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Louie's reopening in Tallassee

By Michael Butler

Doug Cannon, who opened Louie's Chicken Fingers in 2012 in Tallassee, is opening it back up next month. Louie's will reopen its doors on July 7 at 1410 Gilmer Avenue.

Cannon opened his original Louie's in the Auburn area thanks to good friend and former Auburn head football coach Tommy Tuberville.

"In 2010, Coach Tuberville and I were riding down the road. There was a sign at Moore's Mill that said, 'Publix Coming Soon.' They were also putting in a strip center. I looked at Tommy and staid, 'What do you think?' He said, 'Let's put up a Tubby's Catfish.' His sister in Tullahoma, Tenn. has one.

"I signed the lease on the building, not Tommy. They get the building built and Tommy takes the Texas Tech job. I called and said, 'Coach what are we going to to do about the Tubby's?' He said, 'You'll figure something out."

The opportunity opened another door for Cannon, who has a construction business.

"Louie's is my dog. My daughter came up with the name Louie's Chicken Fingers. She came up with the logo. Most people knew Louie more than they knew me as a builder. He rode in my truck with me. My wife hated Louie. Every morning she wanted to give him away, so I'd take him to work with me. That's how Louie's got started.

"I opened five stores in four years. Now, the only Louie's left is going to be the one in Tallassee. The ones in Auburn will change the name. Nobody's going to do it the way I do it. My dad said, 'Don't give it 100 percent. Give it 110 percent.' It's just as easy to give it 110 as it is 100. My motto is QSC; Quality, Service, Cleanliness. When I open this store in Tallassee again, it will be right."

Cannon (center) with Linda and David Mosher in 2012. Cannon originally considered the Mosher's property on Jordan Avenue for his restaurant.

The building on Gilmer Avenue that Cannon purchased was originally a Taco Bell and KFC. It was also where Acapulco Mexican Grill was located before moving down Gilmer Avenue.

"It's a brand new building on the outside. It has been eight years since I've had it. It's time to redo the kitchen."

Although the business has "chicken fingers" in the name, there is a lot more on the menu.

"It should be Louie's Catfish, because we probably sell more catfish than chicken fingers," Cannon noted. "I'm a cook. When Tommy was in Auburn, he had a rib cookoff for the coaches. He always asked me to cook for him. I won seven years."

Cannon said his roots in the kitchen came from being at his grandmother's house in Tallassee.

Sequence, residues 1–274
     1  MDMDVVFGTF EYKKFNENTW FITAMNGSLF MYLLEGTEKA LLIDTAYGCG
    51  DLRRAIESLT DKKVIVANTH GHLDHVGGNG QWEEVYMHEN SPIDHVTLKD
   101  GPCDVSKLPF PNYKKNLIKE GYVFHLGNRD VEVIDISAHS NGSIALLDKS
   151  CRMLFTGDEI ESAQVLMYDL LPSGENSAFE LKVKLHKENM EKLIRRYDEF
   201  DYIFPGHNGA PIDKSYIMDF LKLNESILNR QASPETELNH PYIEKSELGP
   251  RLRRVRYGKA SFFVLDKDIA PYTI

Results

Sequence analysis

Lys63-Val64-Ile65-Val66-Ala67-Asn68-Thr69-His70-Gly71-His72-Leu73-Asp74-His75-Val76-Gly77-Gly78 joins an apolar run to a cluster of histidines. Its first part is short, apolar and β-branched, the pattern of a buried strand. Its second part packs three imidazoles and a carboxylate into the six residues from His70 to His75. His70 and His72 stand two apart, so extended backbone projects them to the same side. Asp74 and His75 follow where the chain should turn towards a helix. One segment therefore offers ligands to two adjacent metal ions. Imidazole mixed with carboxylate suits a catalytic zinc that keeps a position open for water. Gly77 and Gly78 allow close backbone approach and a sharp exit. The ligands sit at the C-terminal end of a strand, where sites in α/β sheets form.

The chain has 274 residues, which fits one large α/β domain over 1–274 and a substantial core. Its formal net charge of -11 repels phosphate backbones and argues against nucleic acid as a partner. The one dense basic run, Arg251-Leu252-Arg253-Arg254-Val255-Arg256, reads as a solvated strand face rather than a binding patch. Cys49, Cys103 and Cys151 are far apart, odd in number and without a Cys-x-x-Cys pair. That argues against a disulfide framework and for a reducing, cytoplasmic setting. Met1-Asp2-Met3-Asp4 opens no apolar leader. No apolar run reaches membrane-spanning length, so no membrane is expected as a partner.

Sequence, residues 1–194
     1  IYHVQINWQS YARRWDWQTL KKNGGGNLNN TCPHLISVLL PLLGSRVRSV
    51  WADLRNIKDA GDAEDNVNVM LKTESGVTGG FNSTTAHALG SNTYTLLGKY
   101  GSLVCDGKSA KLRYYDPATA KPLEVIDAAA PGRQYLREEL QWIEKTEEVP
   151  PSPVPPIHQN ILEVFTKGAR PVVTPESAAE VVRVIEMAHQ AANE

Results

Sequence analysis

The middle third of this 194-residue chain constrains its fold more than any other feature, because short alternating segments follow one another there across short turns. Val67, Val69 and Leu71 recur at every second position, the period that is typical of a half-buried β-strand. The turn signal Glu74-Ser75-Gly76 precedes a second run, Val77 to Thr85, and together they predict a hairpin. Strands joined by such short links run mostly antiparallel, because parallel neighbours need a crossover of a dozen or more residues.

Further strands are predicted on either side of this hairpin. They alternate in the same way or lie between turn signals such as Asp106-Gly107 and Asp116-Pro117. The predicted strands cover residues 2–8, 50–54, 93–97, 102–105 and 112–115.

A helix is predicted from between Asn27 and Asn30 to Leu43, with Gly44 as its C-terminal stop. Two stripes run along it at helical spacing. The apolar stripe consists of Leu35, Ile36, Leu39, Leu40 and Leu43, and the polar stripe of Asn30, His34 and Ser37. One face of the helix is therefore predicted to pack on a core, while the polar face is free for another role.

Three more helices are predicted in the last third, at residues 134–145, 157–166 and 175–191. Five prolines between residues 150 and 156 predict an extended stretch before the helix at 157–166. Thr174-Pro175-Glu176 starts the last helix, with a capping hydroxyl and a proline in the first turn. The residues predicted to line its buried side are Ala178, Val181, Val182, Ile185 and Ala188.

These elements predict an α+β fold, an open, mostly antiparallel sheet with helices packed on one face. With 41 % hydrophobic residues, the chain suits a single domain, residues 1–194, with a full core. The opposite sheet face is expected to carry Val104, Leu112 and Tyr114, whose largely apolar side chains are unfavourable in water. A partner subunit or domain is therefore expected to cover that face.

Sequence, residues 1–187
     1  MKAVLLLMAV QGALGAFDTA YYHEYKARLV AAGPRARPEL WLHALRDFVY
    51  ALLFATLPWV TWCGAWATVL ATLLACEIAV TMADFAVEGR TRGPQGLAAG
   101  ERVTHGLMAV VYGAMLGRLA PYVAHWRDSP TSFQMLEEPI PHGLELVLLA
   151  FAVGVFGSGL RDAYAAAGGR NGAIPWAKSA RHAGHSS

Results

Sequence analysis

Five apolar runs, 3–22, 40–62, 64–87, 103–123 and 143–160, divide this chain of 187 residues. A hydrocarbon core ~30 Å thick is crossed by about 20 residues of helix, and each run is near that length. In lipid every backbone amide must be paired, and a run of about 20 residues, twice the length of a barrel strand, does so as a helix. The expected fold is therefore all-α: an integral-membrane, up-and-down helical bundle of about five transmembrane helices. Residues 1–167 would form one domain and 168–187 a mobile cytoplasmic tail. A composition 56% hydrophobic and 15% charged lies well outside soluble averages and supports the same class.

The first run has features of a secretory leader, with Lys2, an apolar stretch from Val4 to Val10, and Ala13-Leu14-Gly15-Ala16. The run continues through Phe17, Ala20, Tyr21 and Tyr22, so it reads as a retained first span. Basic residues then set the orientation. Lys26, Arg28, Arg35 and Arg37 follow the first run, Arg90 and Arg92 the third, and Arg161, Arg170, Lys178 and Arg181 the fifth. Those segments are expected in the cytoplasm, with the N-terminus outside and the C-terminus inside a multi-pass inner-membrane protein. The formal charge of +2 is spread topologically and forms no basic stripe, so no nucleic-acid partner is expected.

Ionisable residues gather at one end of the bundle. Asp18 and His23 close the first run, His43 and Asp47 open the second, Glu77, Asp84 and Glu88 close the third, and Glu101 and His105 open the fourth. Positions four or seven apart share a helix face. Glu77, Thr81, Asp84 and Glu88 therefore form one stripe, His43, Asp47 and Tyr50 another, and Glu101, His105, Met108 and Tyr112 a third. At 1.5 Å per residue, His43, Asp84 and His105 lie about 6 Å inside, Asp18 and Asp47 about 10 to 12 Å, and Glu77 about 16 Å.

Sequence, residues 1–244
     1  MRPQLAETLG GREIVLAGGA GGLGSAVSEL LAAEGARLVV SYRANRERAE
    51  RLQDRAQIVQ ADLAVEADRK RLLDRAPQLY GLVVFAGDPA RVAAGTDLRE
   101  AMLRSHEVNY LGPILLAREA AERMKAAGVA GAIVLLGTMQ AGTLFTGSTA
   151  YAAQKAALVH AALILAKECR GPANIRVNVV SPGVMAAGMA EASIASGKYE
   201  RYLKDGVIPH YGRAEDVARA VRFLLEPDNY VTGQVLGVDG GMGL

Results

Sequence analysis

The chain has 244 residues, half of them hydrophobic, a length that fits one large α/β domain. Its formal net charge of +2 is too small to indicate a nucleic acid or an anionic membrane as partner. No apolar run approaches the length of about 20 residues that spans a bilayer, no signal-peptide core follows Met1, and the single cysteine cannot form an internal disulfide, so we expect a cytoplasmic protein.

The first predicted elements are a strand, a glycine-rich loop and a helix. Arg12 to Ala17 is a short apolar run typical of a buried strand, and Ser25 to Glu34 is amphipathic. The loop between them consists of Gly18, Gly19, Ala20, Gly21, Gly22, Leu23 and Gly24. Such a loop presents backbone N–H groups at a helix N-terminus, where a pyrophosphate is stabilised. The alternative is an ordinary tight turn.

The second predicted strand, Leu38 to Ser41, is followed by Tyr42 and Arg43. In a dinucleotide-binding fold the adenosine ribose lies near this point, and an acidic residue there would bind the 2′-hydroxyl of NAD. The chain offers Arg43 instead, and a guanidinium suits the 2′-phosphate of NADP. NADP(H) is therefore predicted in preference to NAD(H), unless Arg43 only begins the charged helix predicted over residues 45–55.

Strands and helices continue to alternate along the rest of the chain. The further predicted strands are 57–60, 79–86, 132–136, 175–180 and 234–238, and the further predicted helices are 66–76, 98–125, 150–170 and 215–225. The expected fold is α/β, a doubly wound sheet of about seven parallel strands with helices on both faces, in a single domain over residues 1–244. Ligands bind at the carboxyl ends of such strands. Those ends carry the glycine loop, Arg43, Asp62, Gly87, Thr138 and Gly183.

"I grew up with my grandmother. She was a cook. When I opened Louie's, I did my mother's hushpuppies. I did my dad's catfish. The chicken fingers just came along. With chicken fingers you think fried chicken. All three of my kids are diabetic, so I made sure I was going to do the grilled fingers. I wanted to make sure we had more options than fries and slaw. That's when I brought the green beans in, the broccoli, okra, sweet potato soufle, purple hull peas."

In addition, Louie's serves chicken salads, wings and burgers.

"We're excited to open back up. It's going to be good. We saw reviews that people didn't like. I wasn't here during that time. If you go back and look when I opened up in 2012, they were lined up to the hardware store to get in the building."

Louie's will be open for lunch and dinner daily.

"We're looking forward to it," Tallassee Chamber of Commerce Director Jerry Cunningham said. "We're so glad (Doug) is bringing it back. It was a good thing. I know I enjoyed it. It's great for our community and so glad that he takes such pride in it."

Cannon will possibly be balancing time in Tallassee and Lee County where he won the primary for a county commission seat.

"I won the Republican primary on March 3. I don't have a runoff. Tommy does," Cannon said of his friend Tommy Tuberville who is running for the U.S. Senate. "My next election will be Nov. 3. I hope then I'll win it. I'll represent Auburn, Loachapoka and Waverly."

How does Cannon handle so many tasks?

"I have to stay busy. If I'm not busy, I'm bored. We can go to the beach and my wife says, 'You're good for two days and you're ready to go home.' I've got a farm in Dadeville also. When I'm up at the lake, I'm going to the farm and work with the cows and donkeys."

Cannon offered some of those donkeys to a friend who was having a coyote problem. It was Pat Dye, another former Auburn coach. He passed away on June 1.

"Coach Dye came to me about two years ago at Louie's in Auburn. He said, 'I've got coyote problems.' I said, 'Have you got any donkeys?' He said, 'No." I said, 'I've got about 13.' He said, 'What would you take for them?' I said, 'I'll give them to you.' He came up and got six of them. It took care of them. He's going to be missed in Auburn."